In technical and marketing translation, editing can include various stages of the editing process, often combining editing and proofreading – the reason why it is also called proofediting.
Editing of translated contents is a complex task and its aim is to check that meaning and tone of voice are the same in both languages, as well as to improve the quality of the final text. It is also the last chance to avoid mistakes that can cost dearly.
But what does it take to do a good editing job, how is it done and why is it always a good idea?
“Let the reader find that he cannot afford to omit any line of your writing because you have omitted every word that he can spare.”
― Ralph Waldo Emerson
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The following tips are equally valid for the website of a freelancer, the website of a SME or that of a big international company.
Because quality is universal. And it matters in any circumstance, if you want to attract customers and win their trust. Instead of stepping into a physical store or into a meeting room, they step into your virtual “house”, but the rules don’t change that much: what matters most is first catching their eye with an interesting proposition, have them coming back again and again thanks to interesting, well curated contents and graphics, and gaining their trust by doing what you’re promising. Continue reading →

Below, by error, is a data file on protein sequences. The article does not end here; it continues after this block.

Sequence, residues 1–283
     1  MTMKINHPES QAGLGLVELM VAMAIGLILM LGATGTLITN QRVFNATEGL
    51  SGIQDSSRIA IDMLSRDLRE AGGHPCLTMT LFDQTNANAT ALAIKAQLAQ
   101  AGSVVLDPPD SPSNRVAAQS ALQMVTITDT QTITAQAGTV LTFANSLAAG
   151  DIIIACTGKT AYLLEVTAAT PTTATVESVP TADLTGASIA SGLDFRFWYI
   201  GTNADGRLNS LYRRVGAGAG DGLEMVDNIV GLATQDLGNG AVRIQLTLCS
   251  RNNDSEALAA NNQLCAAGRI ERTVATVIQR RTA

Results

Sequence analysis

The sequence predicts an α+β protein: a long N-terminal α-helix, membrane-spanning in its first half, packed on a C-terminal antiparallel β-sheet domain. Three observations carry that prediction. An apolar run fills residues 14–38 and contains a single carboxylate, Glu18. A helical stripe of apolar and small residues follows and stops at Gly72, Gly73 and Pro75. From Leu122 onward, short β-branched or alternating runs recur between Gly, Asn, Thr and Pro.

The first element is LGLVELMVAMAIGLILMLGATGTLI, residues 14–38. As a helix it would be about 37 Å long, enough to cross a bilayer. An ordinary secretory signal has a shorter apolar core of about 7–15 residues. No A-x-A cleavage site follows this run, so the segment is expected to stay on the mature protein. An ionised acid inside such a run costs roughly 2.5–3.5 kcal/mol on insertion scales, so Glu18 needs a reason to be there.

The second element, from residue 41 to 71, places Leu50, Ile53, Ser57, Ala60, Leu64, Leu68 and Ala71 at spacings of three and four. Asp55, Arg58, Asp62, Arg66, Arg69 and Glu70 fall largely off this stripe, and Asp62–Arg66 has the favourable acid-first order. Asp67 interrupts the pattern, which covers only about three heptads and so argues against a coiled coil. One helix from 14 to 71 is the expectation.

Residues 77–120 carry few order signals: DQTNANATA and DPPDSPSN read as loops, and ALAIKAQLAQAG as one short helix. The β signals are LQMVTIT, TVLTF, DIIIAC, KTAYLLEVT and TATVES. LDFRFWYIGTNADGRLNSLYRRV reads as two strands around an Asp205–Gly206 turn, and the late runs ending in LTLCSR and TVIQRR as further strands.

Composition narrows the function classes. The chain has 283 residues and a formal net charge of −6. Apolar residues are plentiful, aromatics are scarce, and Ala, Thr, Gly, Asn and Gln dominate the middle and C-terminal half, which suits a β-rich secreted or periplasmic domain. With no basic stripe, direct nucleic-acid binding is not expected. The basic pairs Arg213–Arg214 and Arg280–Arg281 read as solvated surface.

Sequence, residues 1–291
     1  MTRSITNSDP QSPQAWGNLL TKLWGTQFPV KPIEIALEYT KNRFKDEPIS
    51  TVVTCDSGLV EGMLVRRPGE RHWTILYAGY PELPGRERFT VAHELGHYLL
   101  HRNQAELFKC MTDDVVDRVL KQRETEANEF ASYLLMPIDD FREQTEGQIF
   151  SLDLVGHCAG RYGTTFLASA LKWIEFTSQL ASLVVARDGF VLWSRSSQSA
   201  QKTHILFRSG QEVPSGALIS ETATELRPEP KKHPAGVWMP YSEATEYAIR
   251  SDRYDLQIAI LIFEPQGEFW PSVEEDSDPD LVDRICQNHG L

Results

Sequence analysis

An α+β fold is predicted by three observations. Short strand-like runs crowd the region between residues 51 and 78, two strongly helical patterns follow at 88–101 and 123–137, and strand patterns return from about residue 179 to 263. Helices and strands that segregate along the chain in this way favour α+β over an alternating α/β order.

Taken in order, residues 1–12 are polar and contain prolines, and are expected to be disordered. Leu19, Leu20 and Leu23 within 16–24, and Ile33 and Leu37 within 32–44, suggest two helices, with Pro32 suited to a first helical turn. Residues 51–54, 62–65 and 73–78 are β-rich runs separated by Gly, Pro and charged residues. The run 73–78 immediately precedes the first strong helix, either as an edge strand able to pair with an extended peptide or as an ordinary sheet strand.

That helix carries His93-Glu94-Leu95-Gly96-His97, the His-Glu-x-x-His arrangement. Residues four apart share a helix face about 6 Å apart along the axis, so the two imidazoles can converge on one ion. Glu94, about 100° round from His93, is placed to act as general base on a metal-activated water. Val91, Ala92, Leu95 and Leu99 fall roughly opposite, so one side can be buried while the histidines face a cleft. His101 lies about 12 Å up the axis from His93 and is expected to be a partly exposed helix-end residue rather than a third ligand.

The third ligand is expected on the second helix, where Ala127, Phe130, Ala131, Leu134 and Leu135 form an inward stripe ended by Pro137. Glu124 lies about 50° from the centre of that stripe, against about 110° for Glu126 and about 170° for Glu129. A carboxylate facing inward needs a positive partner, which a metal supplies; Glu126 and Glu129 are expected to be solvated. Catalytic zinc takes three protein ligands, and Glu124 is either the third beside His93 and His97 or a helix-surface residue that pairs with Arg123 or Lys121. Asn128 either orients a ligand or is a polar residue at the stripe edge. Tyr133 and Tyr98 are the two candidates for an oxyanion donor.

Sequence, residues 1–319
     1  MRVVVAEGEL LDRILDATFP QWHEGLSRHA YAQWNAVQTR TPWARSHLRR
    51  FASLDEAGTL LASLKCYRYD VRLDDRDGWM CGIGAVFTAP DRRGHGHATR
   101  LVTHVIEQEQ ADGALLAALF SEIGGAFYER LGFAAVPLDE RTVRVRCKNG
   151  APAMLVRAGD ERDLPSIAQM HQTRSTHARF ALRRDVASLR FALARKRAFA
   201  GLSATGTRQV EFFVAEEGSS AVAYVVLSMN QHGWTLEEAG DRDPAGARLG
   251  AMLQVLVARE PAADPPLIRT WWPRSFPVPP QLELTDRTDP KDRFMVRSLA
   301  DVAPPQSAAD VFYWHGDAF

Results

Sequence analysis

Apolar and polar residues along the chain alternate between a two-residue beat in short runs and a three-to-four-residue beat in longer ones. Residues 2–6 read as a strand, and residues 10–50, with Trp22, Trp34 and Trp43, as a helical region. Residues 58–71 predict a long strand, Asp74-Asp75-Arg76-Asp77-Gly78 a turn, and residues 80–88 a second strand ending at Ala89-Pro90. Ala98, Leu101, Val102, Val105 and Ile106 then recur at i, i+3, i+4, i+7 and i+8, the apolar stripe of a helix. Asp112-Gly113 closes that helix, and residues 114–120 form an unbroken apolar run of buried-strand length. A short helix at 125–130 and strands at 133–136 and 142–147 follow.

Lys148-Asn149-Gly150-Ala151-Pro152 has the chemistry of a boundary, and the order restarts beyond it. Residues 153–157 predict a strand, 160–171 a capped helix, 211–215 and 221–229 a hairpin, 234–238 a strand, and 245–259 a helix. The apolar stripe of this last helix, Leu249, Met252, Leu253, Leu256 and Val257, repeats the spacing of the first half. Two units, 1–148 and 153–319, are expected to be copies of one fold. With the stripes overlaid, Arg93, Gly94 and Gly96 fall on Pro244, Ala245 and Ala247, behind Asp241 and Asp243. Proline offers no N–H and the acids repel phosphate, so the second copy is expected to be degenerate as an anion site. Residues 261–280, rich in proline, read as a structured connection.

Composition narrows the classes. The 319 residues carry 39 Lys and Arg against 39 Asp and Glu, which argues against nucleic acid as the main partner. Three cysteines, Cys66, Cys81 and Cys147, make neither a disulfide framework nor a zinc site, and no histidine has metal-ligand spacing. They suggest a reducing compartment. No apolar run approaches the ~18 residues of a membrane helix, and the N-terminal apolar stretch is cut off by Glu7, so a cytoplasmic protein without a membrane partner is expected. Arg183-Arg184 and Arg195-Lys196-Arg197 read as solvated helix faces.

The revision step is a key one in the translation flow, even more so in the case of marketing and promotional texts.
Over the years, revision jobs have taken on a significant share of my overall workload and I think the following are some key points worth keeping in mind when addressing checking jobs. Continue reading →